The effect of disability on earnings and worklife expectancy

Lower levels of employment and reduction in earnings are two issues affecting the worklife expectancy of the disabled

Phillip Sidlow
Enrique Vega
2010 October

The focus of this article is on the disparity in earnings and worklife expectancy existing for persons who meet the definition of disability.

We know two things about persons with a disability. On average, persons with a disability who work year-round and full-time experience a reduction in earnings when compared to non-disabled counterparts. This is true for both men and women at all levels of educational attainment. The earning disparity that exists has been replicated in numerous macro studies conducted by the U.S. Census Bureau including the Survey of Income and Program Participation, the March Supplement to the Current Population Survey, the American Community Survey, and the Decennial Census.

We also know that persons with a disability who work year-round and full-time experience lower levels of employment than those without a disability. Employment levels form the building blocks of a worklife expectancy. It is generally recognized within the vocational community that disability reduces employment and hence worklife expectancy. Because this fact also makes intuitive sense, jurors accept reduction in worklife expectancy as a function of disability. (Gamboa, Anthony M Jr., et al. “A Vocational Economic Rationale.” Estimating Earning Capacity: A Journal of Debate and Discussion 2, no. 2 (2009): 97-123.)

Earnings Disparity Data

Table 1 examines earnings for males and females at three different levels of educational attainment: high school diploma, baccalaureate degree, and professional degree. Column 1 reports earnings for those with no disability. As expected, the earnings for year-round, full-time employed workers increases as a function of educational attainment.

Column 2 reports earnings data for persons with a physical disability. An inspection of the table reveals significant differences in earnings for year-round, full-time employed persons who are without disability vis-à-vis those with a physical disability. (It should be noted that earnings data for individuals with cognitive disabilities also exist, but we are limiting our discussion in this article to physical disabilities for the sake of simplicity.)

In examining the earnings disparity, it is important to note that while higher levels of educational attainment increase earnings, the earning differences for those without and with a physical disability is significant. In fact, the earning disparity increases as a function of advanced levels of educational attainment. The greatest disparity exists for those persons with a professional degree.

Physical disability is defined in the American Community Survey (ACS), conducted by the U.S. Census Bureau. It is a macro study with a sample size of approximately five million persons per year. The physical disability grouping consists of those persons identified in the ACS as having problems with lifting, carrying, climbing stairs, etc. The professional degree category includes those persons with a doctorate such as physicians, lawyers, veterinarians, chiropractors, dentists, etc., but not professors or researchers.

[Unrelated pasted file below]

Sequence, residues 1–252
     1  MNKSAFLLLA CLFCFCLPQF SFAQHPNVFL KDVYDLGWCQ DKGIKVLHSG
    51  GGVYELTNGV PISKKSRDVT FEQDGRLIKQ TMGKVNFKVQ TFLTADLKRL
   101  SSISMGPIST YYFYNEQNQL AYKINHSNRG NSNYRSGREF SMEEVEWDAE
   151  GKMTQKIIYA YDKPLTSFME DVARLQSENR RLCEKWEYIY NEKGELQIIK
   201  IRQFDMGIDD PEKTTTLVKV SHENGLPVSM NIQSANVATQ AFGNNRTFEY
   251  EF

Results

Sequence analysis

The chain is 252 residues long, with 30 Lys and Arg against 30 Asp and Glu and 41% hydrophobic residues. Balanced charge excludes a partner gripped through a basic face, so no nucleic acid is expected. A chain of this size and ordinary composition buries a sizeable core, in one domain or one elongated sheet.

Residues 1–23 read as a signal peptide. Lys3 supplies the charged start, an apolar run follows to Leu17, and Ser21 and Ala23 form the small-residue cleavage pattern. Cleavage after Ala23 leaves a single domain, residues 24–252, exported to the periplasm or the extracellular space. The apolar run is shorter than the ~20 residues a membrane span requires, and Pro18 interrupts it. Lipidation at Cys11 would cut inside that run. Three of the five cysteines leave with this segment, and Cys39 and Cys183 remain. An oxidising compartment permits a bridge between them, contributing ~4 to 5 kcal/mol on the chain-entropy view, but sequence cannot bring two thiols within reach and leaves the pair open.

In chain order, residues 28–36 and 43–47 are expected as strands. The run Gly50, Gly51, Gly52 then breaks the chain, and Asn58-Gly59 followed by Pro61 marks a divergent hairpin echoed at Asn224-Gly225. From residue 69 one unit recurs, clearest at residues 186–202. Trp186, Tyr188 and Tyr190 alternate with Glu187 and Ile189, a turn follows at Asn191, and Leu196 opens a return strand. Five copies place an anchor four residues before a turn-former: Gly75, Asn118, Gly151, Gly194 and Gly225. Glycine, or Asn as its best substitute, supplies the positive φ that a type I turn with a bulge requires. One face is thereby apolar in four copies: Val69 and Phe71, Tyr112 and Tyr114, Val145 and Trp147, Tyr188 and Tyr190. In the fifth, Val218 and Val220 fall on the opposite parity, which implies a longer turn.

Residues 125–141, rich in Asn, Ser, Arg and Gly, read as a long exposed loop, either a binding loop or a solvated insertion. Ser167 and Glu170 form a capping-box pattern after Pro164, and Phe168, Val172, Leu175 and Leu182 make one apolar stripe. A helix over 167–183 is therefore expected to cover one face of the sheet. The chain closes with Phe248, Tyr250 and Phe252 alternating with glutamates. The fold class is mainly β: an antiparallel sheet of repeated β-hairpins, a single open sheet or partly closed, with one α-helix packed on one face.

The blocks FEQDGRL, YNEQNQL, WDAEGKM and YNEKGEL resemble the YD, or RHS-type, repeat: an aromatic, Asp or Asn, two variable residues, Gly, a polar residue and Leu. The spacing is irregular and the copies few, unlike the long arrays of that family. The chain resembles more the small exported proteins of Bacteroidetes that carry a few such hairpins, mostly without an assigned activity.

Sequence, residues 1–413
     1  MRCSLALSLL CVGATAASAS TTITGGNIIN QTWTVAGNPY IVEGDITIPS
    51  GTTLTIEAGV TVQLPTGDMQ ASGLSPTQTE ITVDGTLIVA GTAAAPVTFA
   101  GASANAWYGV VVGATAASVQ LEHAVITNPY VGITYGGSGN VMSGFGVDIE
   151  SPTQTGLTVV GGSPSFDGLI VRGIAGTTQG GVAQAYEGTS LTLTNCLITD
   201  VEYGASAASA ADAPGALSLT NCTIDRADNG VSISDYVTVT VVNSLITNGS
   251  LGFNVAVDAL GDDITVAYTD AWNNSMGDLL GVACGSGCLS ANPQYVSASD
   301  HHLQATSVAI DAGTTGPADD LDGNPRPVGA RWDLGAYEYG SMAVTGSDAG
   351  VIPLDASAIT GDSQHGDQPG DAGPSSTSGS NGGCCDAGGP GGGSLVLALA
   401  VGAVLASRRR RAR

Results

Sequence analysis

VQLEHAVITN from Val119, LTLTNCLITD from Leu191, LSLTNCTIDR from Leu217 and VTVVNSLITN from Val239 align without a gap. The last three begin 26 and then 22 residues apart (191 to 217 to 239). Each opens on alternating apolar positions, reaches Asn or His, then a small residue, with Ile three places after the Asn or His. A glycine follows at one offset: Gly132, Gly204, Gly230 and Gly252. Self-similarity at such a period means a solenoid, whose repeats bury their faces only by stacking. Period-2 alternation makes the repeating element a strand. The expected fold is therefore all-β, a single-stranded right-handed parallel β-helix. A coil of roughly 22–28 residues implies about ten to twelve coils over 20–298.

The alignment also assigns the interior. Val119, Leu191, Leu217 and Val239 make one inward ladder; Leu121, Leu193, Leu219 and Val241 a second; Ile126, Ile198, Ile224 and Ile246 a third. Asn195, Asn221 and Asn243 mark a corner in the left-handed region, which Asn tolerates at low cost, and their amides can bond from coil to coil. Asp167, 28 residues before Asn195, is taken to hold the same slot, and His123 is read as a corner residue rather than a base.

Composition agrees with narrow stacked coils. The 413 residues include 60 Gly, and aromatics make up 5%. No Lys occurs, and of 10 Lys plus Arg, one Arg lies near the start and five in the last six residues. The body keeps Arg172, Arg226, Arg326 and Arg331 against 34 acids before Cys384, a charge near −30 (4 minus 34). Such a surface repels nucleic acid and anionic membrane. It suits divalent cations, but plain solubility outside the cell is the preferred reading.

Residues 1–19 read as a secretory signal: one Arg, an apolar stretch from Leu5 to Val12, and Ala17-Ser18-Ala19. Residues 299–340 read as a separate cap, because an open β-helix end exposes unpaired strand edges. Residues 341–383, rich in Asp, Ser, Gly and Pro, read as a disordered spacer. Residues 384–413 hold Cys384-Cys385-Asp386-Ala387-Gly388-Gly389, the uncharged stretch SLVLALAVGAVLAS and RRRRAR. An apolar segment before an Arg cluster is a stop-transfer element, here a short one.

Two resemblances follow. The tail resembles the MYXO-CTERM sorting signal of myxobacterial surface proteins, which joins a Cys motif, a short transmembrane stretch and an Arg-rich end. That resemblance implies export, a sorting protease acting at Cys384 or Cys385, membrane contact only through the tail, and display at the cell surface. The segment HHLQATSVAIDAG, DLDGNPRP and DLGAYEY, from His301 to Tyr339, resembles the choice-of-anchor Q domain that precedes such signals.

It is important to note that workers with a baccalaureate degree and workers with a professional degree are typically engaged in work of a sedentary or light nature. Nevertheless, the data indicates that the earning effect of disability is greatest at those levels demanding greater degrees of educational attainment.

The reason why this is the case is debatable. While some believe that the earnings differential is a reflection of discriminatory effects of the marketplace, we believe that the discriminatory effect, while it exists, is minimal. It is our belief that the primary cause of the differential earnings is a function of decreased productivity. Many persons with a physical disability work in pain. Anyone who has ever worked in pain will acknowledge that on bad pain days productivity decreases. Persons who work continuously in pain likely experience decreased levels of productivity; hence, they are likely to receive fewer and smaller salary increases over time.

Thus, while historically physical limitations have not been thought of as a detriment to earnings if the individual had a college degree or more, this is conventional wisdom that has proven to be incorrect. This is not to say that it is not worthwhile for an individual who has sustained an injury to undergo vocational retraining. While their post-injury earnings may be greater than they otherwise would have been, there still will likely be a significant disparity in earnings as compared to individuals with similar age, gender, and level of educational attainment but without a disability.